Heatwave hacks: Dr Amir shares tips to stay cool in hot weather
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Several panic-stricken parents reported their kids missing on Sunday after the weather played tricks with beachgoers who were caught off guard by a “total whiteout” along the Irish capital’s coast.
The Irish Coast Guard unit based at Howth Harbour said: “During an unexpected blanket of sea fog covering north Dublin beaches on Sunday, multiple missing children were reported to the Coast Guard.”
The agency, which is comprised of a 25-strong team of volunteers, urged people to equip their kids with waterproof identification wristbands when visiting the beaches over the summer.
They wrote on Twitter: “Ask your local Coast Guard station to provide you waterproof identification wristbands for your family’s next visit to the beach.”
As the fog descended, swimmers were asked to leave the water on Donabate beach.
One visitor told Dublin Live: “It was a bit foggy further up the beach and the lifeguard headed for the water with his megaphone and ordered everyone out of the water.
“He said it wasn’t safe to swim and the beach was now red flag.
“It drifted up really fast and it was a complete whiteout. Everyone left the beach in droves.”
Forecaster Alan O’Reilly of Carlow Weather told RTE Radio 1 sea fog emerges when hot air meets the cool seawater.
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He said: “I had a lot of followers who were very worried because they were told they had to get out of the water quickly.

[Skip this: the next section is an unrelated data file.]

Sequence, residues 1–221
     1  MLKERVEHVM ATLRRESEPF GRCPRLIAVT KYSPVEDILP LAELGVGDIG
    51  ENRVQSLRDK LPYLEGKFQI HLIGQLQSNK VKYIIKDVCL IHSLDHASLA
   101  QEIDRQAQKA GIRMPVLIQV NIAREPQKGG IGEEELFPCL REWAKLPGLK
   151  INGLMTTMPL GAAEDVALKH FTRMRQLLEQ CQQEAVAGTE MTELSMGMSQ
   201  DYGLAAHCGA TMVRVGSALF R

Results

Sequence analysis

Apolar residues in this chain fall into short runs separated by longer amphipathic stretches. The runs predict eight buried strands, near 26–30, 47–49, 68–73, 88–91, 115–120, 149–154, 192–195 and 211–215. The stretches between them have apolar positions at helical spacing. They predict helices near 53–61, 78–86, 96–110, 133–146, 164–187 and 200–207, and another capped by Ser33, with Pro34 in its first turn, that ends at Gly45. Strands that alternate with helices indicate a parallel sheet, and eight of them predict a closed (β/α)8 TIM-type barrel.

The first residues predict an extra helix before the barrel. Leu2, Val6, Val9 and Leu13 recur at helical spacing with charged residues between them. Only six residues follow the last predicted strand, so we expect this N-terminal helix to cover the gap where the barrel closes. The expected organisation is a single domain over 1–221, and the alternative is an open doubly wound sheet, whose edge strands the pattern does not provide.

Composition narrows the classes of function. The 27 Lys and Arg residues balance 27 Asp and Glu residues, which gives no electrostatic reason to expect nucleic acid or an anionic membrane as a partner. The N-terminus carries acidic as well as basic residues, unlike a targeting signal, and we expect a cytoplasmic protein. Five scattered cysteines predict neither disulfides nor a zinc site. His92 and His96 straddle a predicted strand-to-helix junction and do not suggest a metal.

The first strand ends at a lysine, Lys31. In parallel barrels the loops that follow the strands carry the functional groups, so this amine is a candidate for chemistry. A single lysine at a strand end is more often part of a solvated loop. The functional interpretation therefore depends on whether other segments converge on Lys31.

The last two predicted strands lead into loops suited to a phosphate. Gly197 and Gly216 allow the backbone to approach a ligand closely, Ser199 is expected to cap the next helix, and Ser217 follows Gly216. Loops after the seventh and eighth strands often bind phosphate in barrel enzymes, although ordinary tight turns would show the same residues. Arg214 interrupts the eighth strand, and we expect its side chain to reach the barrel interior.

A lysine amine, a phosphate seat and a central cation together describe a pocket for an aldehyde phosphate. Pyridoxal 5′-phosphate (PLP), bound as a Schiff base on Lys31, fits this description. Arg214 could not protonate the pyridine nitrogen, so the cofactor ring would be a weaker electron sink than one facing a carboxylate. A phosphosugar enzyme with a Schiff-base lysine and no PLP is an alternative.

“Sea fog is basically when you have the hot air and then the cooler water at sea. That causes condensation.
“Depending on the wind direction and the wind strength, it can very quickly blow onto the beach. That’s what happens.
“You go from clear blue skies and it being really really hot to all of a sudden being completely submerged in this very thick fog.
“It’s just sea fog that blows off the sea.”
The incident was one of a flurry of episodes brought about by extreme weather events across the UK and Europe this summer.
On Monday, Ireland’s highest temperature of the year was recorded in Dublin; and throughout the week, it is set to get even hotter.
Mr O’Reilly has said the city could see temperatures soar to a stifling 29C this weekend as a “hot plume” could cause the mercury to peak on July 17, resulting in a scorching Sunday.
He said: “It’s going to get up to 26C today.
“It might even touch 27C in Dublin.
“The east will see the hottest temperatures today and I would be looking at Phoenix Park as potentially the hottest station.”
He added: “There is going to be much hazy sunshine for much of the country but cloud is increasing from the west.
“More of that lovely sunshine is going to push in from the west for Tuesday afternoon and Tuesday evening.
“There is a hot plume of air expected to move up from the south over the weekend and that could bring us close to 30 degrees. That’s kind of worst or best-case scenario depending on your outlook.
“It could bring parts of the UK into the mid-thirties or even some of the weather models show it getting up to 40 degrees in England.
“We are going to catch the edge of that for probably Saturday, Sunday and maybe then this day week.”
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